I woke early this morning and noticed we had another dust storm in Sydney, though not nearly as dramatic as it was the other day. I loved the way it was described by Tom125 on Twitter as “More dust. And it’s not even a pretty colour this time. Pffft. Going back to bed”. My sentiments exactly and so I did the same until about 10.30.
Kate and I had plans to meet at about 11 at Foley Park in Glebe, as Kate knew one of the people involved in the shindig for the launch of the Wireless House. I’ve known about this for a few months, since first hearing about it, oddly enough, on the wireless. The story is quite an interesting one, according to a blurb I found…
In 1933 a suggestion was put to the Council to establish a Wireless House in the public rest park on the corner of Glebe Point and Bridge Roads for the purpose of community entertainment. Commissioned in November of 1934, Wireless House was officially opened in February the following year with a wireless set donated by Grace Brothers. The Wireless House operated from 10am until 10.15pm on a daily basis.
Radio broadcast was making considerable changes to Australian society during this time and as a domestic social event, entire family groups would gather around a radio set for communal listening, even taking turns wearing headphones and narrating the events to the rest of the group. However during the depression access to radio equipment was restricted to those of comfortable means.
The Wireless House was revolutionary in that it catered to large crowds including many unemployed, who congregated to enjoy the daily programmes. The initiative, although hailed as unique in Australian municipal history, attracted criticism from the church and sporting organisations both sharing concerns about a loss of patronage. The Wireless House eventually succumbed to accusations that it encouraged the unemployed to idleness and was subsequently de-commissioned.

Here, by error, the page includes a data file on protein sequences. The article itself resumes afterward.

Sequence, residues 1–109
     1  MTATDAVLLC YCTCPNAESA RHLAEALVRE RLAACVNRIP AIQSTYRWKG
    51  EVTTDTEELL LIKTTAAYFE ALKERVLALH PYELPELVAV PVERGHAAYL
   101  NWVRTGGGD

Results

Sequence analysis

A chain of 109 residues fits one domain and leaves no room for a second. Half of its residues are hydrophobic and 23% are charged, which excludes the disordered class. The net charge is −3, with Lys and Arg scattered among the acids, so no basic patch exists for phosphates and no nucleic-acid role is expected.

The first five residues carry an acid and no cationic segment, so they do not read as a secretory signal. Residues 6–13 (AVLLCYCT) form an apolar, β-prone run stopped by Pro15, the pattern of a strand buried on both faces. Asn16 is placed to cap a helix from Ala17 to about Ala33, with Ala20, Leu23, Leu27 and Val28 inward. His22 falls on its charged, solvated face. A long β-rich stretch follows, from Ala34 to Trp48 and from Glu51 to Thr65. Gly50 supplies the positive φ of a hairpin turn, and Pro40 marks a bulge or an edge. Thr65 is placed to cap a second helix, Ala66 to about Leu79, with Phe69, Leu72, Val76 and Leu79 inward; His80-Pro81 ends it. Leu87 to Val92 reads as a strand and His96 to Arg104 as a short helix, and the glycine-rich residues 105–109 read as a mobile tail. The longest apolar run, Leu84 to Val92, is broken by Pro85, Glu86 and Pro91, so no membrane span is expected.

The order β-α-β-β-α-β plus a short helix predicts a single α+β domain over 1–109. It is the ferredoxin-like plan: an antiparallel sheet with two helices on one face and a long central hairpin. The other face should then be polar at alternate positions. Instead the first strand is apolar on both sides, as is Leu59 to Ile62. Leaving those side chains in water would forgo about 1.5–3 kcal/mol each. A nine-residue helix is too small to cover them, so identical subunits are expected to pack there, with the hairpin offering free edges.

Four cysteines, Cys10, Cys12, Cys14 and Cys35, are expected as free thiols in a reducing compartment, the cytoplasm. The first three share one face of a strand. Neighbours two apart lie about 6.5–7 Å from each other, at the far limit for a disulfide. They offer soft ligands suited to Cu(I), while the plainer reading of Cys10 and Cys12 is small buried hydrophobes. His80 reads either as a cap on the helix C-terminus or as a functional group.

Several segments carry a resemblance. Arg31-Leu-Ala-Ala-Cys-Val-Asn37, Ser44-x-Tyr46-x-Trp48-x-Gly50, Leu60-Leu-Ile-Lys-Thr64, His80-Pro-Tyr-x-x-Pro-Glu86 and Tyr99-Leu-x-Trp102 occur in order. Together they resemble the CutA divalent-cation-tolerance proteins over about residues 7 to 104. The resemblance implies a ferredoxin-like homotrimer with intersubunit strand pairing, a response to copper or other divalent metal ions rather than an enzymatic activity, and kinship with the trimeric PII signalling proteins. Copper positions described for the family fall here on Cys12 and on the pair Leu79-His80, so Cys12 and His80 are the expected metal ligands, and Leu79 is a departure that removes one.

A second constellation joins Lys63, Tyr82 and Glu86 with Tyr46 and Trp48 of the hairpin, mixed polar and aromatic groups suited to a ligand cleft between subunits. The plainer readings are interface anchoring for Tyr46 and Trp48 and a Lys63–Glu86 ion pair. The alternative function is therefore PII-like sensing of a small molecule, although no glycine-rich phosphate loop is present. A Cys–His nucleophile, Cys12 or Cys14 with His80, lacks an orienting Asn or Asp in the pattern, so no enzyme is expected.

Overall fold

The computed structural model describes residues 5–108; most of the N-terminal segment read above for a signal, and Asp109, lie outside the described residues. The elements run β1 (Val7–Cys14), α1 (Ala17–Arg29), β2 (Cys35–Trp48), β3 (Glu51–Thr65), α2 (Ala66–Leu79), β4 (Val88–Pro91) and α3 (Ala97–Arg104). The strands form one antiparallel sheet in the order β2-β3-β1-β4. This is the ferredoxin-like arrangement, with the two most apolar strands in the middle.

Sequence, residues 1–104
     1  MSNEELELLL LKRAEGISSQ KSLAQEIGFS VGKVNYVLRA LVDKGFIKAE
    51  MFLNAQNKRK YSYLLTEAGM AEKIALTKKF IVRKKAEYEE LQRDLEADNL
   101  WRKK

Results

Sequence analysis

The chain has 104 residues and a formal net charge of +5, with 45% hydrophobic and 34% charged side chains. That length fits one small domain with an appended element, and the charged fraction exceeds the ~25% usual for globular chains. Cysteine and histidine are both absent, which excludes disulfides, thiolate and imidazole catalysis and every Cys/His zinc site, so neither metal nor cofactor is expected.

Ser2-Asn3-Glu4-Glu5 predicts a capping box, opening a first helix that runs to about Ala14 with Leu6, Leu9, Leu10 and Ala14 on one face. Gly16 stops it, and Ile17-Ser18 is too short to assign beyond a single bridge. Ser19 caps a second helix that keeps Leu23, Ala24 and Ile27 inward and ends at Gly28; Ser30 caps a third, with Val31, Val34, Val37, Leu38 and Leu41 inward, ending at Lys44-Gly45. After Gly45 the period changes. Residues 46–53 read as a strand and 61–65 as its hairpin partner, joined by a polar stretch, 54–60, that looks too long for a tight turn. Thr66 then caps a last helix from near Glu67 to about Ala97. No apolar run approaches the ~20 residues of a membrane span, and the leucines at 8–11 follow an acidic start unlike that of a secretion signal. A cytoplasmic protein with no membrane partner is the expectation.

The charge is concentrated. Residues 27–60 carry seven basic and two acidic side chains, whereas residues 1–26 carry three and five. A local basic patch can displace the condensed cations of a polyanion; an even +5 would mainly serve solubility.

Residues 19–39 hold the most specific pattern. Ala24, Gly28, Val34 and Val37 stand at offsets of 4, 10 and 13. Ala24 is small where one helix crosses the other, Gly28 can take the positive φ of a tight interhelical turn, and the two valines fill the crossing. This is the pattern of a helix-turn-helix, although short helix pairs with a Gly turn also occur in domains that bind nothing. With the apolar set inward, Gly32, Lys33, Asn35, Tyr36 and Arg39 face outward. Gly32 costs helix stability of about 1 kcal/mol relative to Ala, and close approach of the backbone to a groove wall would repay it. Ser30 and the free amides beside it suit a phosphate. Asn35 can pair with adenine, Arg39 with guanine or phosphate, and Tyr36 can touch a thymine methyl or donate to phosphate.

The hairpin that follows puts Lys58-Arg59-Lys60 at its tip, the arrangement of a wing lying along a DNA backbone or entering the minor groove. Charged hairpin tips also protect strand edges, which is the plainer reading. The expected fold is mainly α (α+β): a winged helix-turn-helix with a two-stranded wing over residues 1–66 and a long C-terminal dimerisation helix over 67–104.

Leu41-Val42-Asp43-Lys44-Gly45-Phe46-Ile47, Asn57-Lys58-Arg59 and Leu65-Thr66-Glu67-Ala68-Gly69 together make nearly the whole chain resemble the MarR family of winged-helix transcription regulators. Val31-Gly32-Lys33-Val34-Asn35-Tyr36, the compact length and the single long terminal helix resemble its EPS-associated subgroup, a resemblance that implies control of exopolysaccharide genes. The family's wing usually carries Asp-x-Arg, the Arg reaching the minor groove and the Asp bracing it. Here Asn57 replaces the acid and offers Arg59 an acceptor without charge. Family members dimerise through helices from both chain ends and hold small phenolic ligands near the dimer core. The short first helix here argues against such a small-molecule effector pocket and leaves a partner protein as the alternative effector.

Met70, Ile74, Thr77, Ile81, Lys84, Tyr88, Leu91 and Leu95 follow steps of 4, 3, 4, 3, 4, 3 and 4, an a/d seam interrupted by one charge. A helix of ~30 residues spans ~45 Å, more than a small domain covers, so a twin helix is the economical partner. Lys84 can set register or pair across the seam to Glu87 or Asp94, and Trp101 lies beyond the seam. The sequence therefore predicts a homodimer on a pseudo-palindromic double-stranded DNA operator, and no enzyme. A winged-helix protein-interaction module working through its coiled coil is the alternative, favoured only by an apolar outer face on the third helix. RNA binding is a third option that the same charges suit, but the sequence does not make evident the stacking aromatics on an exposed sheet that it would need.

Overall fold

I was on time – of course – and Kate was – as ususal – late. So I had a mini-gelato and lemonade thanks to The City of Sydney. I had a look at the Wireless House and I found myself a nice spot in the sun – safeguarded from the wind – where I listened to the music. The music was quite good actually. A three piece featuring guitar, piano accordian and vocal. The highlight for me was their version of “Those Were The Days”, a song I first heard sung in the late 1960s by Mary Hopkin. The band, today, though sang it in the original Russian language which was loads of fun, and not terribly difficult since much of the chorus consists of la-la-la.
And then after a bite to eat at a nearby cafe, we went to an artist talk at Kaliman Gallery about contemporary Chinese-Australian and Australian-Chinese art which featured, amongst others, the artist, Guan Wei The talk co-incided with an exhibition of Guan Wei’s work at the Kaliman Gallery.
Kate has been working in Beijing on and off for the last couple of years which is also where Guan Wei is spending more of his time. There was a lovely look of surprise on his face as he noticed Kate arriving at the gallery. The talk also featured John McDonald, Sydney Morning Herald art critic, Dr Thomas Berghuis, Lecturer in Asian Art, The University of Sydney and Dr Yiyan Wang, Chair, Department of Chinese Studies, The University of Sydney. Over the course of about ninety minutes they spoke about issues of identity, the art market, the thousands of year traditions of both Australian (indigenous) and Chinese art. It was a really interesting discussion which never got boring.
And it was great to sit in the midst of Guan Wei’s work as the discussion developed. His latest work at the Kaliman Gallery take on two different themes. There are “traditional” Buddha style cloud sculptures which show a lot of humour. I especially liked the Buddha with its head in the clouds, but my favourite was the Buddha with a cloud on his back. There are also cloud-shaped paintings which encompas elements of traditional Chinese painting – the way the sea is portrayed, for example – but, as the panel noted, with lots of references to Australian colours. “Most Australians wear a lot of black”, one of the panelists noted, “which is interesting for a country with so many bright colours”.
Late in the afternoon we popped over to Danks Street to see what was happening in the galleries there, thus ending our art crawl.